DOES the announcement that the University of Queensland will close its fledgling physician assistant course — even before the first cohort of students has completed it — send the message of wrong place, wrong time; or is it a reflection of the hard times many universities are experiencing?
Or has the university bowed to the political climate that appears not to support physician assistants (PAs) especially in Queensland?
Many innovative solutions to the shortage in the medical workforce have been explored around the world. Australia seems particularly sensitive to this shortage.
One large group, the nursing sector, has established the nurse practitioner as one arm of the solution. Australia has increased the number of medical students in the past few years and they are now starting to flow from medical schools into the medical community. However, they need further training to deal with the wide variety of clinical areas with which they may be faced. There also seems to be a continuing reluctance for them to practise in areas that need them.
In much of the world, PAs are used to support the work of medical practitioners.
PAs are medically trained health care workers, acting in a supervised role, with a delineation of responsibilities set out by the supervising clinician.
In the US there are some 75 000 PAs in active practice. Australia currently has 17 PAs about to graduate and a further 23 accepted for the next course by the University of Queensland.
So, why is the medical profession feeling threatened by the introduction of PAs in Queensland?
Fewer than 50 PAs is unlikely to be an impediment to the teaching of medical students. With numerous complaints from the medical profession about overwork, inability of clinicians to teach and no time to undertake postgraduate education, especially for those in rural practices, PAs are but one potential group who can support the existing and future medical workforce to provide high-quality care.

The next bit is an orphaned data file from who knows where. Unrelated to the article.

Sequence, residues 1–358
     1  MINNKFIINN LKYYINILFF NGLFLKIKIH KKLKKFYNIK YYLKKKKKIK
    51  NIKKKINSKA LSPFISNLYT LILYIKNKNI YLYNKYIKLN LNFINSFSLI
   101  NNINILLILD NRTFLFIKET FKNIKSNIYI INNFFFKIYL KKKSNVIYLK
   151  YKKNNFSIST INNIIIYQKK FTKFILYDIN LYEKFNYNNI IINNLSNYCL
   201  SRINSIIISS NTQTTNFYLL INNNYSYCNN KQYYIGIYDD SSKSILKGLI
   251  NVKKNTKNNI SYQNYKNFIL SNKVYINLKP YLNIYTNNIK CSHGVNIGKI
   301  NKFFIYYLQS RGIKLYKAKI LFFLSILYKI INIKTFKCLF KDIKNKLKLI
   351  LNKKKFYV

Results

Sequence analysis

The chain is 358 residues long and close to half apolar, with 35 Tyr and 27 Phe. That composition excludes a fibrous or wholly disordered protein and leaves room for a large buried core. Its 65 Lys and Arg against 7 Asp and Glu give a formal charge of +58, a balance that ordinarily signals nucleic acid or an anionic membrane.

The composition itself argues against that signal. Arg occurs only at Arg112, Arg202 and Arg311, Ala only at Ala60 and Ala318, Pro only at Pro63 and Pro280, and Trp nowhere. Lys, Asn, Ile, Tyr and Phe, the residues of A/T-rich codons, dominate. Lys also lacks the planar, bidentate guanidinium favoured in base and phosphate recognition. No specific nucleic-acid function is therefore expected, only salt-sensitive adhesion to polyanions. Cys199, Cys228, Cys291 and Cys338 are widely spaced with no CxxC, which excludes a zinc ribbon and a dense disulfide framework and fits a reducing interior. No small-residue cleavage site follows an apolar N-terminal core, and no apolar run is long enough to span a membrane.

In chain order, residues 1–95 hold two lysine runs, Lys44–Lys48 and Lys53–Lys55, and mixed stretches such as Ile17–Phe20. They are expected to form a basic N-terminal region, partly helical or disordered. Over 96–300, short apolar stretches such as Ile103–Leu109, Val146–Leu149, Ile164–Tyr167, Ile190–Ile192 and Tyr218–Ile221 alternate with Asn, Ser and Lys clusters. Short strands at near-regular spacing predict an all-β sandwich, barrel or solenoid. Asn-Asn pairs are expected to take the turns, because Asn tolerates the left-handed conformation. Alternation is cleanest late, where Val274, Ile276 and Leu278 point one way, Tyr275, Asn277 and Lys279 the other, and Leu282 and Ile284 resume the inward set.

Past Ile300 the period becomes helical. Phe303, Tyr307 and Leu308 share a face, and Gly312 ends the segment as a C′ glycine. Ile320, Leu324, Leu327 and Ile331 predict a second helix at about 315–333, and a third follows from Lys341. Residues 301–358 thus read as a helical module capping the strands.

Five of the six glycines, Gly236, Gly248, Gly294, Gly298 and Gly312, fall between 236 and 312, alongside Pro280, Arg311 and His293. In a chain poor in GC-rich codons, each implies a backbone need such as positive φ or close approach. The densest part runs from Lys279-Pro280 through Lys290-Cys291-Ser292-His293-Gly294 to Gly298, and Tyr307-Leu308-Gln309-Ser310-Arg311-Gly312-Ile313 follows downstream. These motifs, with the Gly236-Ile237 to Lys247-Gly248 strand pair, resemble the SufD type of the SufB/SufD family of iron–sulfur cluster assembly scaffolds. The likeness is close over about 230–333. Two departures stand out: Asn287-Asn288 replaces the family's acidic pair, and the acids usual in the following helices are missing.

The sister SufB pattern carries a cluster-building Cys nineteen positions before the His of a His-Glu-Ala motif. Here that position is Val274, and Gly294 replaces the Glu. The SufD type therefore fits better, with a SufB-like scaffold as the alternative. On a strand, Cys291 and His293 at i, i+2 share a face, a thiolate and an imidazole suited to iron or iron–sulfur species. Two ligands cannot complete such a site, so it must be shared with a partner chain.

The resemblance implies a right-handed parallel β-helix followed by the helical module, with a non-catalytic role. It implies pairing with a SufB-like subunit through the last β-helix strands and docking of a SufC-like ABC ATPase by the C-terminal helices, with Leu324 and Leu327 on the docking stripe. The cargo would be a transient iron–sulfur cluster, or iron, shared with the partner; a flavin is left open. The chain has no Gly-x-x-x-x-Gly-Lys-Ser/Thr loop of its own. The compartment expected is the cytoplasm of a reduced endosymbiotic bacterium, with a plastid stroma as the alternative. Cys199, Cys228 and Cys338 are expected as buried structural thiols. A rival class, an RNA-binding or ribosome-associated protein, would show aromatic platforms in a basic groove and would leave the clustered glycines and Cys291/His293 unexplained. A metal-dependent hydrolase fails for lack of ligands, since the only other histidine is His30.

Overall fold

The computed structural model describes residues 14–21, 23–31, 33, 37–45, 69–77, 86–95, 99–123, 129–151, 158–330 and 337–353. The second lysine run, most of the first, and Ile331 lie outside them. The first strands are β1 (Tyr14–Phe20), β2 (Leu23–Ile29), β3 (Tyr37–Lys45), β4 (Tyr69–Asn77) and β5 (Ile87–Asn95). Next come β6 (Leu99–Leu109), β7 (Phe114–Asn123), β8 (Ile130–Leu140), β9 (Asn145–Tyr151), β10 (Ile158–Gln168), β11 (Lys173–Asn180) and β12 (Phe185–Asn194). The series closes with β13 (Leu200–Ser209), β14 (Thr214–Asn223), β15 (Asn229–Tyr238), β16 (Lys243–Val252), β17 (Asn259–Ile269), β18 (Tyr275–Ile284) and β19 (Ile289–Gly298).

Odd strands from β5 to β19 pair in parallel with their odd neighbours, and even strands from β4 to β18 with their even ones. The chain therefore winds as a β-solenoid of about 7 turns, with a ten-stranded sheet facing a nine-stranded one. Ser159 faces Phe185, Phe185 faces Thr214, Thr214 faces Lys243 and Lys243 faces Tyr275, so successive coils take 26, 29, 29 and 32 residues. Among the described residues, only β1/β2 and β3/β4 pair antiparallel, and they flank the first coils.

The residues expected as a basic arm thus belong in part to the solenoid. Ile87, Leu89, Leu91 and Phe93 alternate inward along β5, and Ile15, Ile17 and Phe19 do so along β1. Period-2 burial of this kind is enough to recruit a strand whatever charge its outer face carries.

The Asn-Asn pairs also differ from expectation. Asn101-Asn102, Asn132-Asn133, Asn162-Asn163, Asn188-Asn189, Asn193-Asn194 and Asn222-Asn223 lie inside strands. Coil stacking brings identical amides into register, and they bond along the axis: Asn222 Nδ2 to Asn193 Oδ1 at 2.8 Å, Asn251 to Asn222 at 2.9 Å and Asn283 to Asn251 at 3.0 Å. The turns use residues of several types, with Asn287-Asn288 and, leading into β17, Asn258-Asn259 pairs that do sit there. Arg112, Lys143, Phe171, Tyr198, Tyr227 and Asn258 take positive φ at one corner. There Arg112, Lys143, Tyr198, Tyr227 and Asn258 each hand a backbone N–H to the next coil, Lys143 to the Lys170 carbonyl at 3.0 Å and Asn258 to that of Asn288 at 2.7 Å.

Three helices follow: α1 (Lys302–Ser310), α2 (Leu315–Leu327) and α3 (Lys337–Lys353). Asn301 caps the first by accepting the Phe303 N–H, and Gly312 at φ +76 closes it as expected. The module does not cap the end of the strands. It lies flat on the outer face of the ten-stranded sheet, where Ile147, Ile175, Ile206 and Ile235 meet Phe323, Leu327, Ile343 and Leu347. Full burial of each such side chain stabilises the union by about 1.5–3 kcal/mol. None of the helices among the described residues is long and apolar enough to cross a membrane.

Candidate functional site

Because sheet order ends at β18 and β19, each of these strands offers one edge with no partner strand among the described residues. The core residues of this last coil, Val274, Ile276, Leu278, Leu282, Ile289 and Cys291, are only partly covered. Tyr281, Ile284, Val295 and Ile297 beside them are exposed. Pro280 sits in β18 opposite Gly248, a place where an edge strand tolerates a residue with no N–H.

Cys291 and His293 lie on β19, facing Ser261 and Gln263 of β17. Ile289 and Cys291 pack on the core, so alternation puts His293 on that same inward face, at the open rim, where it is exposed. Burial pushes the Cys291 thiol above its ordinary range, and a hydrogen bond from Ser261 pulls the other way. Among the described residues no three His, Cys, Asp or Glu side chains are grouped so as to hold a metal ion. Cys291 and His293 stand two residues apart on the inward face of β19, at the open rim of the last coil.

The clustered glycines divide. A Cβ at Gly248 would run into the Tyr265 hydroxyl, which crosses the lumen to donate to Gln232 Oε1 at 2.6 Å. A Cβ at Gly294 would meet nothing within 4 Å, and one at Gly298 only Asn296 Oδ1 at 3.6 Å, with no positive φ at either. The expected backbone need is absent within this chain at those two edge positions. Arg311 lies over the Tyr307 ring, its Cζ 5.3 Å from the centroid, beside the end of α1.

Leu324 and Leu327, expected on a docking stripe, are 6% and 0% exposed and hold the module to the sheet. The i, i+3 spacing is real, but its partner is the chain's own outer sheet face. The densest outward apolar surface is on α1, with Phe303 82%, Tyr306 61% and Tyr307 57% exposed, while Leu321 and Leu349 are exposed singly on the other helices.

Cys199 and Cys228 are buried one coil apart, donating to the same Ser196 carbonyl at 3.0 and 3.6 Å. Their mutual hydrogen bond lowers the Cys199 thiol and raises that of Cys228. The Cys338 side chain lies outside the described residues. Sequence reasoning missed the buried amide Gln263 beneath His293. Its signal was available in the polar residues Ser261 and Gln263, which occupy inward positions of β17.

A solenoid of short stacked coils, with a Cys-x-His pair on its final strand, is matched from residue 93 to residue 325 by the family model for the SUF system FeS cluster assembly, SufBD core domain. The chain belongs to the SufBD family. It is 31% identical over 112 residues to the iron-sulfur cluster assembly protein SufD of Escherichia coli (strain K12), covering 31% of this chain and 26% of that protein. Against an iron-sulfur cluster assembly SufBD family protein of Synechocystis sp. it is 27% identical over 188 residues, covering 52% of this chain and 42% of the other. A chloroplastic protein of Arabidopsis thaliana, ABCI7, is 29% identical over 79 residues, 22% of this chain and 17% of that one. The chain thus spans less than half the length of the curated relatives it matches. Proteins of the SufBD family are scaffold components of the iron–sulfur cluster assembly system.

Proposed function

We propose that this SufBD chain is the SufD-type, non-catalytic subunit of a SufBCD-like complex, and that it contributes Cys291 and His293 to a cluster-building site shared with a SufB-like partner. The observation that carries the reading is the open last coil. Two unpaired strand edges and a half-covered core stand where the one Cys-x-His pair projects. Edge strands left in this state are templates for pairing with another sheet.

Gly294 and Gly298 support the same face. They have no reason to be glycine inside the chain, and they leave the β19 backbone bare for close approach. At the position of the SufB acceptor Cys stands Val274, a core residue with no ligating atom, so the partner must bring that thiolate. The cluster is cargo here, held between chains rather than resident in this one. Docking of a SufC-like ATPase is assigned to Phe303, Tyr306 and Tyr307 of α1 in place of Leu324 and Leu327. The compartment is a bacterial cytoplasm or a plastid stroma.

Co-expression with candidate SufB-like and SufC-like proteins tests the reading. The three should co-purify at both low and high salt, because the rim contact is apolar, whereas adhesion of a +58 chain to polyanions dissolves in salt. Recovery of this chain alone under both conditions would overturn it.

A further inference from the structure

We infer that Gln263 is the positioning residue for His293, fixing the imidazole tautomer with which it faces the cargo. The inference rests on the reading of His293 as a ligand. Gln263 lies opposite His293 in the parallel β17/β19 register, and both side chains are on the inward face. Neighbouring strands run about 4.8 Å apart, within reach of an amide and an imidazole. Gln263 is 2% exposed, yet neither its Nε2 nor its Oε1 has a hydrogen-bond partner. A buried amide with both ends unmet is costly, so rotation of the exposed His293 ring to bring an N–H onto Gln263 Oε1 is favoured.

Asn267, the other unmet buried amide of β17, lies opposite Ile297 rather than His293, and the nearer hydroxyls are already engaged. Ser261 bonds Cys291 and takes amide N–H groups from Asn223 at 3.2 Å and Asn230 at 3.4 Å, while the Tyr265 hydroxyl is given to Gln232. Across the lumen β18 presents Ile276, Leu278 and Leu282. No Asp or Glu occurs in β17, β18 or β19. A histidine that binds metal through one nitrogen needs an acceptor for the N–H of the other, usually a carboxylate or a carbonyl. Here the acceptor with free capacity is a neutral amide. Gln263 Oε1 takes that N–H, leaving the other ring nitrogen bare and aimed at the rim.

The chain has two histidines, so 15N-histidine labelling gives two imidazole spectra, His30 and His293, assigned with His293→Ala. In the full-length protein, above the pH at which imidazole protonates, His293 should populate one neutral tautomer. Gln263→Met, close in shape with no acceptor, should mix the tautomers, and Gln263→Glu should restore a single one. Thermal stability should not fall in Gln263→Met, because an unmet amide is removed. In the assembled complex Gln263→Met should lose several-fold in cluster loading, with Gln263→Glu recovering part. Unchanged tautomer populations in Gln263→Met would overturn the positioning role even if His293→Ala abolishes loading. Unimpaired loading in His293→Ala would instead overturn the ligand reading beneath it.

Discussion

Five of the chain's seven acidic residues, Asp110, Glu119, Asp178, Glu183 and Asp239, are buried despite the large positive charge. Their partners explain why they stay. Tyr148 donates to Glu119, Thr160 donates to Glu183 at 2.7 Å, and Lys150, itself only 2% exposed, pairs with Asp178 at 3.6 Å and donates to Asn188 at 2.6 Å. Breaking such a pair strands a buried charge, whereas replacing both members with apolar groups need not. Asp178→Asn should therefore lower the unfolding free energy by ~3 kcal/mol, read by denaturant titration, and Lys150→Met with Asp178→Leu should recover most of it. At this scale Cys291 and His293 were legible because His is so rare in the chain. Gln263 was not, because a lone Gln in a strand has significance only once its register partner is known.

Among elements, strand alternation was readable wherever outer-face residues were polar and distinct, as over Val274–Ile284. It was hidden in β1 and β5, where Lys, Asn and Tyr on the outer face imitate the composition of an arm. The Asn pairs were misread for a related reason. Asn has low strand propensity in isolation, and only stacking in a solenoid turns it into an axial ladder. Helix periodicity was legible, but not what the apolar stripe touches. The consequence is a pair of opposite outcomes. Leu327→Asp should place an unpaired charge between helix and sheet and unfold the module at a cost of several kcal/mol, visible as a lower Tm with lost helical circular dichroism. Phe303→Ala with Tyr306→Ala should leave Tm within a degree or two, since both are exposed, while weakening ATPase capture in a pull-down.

Several pilot studies have been conducted in Australia. Queensland Health sponsored one such trial, and there was nothing but praise for the interaction of the PAs, from the US, with the whole medical process.
This pilot study reported that once an understanding of the role as a physician extender was understood, the concerns of the clinicians working with them were minimal. They interacted well with all health care providers, although the study was limited in scope.
Other concerns that have been raised about PAs relate to the lack of an accreditation process, which would ensure a minimum standard of training, a registration process, an ability to prescribe, professional indemnity and ongoing medical education.
With many examples of governance structures, scope of practice documentation and competency standards available, such as that produced by the Canadian PA group based on CanMEDS, the speedy development of these in Australia is a reasonable expectation.
The Australian Health Workforce Institute has embraced the concept of PAs. A framework for their incorporation into care delivery is imminent. All this takes time, and the cessation of the Queensland course seems premature.
What can we learn from the Queensland experience?
Appropriate staffing with a good understanding of the local health system is vital. Many overseas PAs will have no experience of the nuances of the Pharmaceutical Benefits Scheme, Medicare Australia, Medicare Benefits Schedule, GP clinics and hospital specialist practice as delivered in Australia.
State health departments have yet to fully embrace the concept of PAs, so access to public teaching hospitals is limited. This makes competition for teaching places a non-issue, as much of the in-patient teaching for PAs is provided in the private sector.
Interestingly, federal funds have been allocated to the private sector for education facilities, some of which is predicated on PA teaching. The established teaching experience can be taken up by the universities continuing with their programs, especially where the clinicians are committed to helping solve the workforce issues in Australia by these innovative means. Other alliances with rural medicine groups are being forged.
The defence forces have historically used suitably trained health personnel for frontline care, and it is from this that PAs originated. It is likely that defence is an area in which many PAs will be absorbed; not helping the population at large, but those charged with our security.
The future of medicine in Australia will include PAs. It is not a bold move, it is a progressive move. It is the next step.
“Change starts when someone sees the next step” — William Drayton
Associate Professor Ben Bidstrup is a Queensland cardiothoracic surgeon and involved in training of PAs in Australia. He has also had some experience with PAs in the US.
Posted 23 May 2011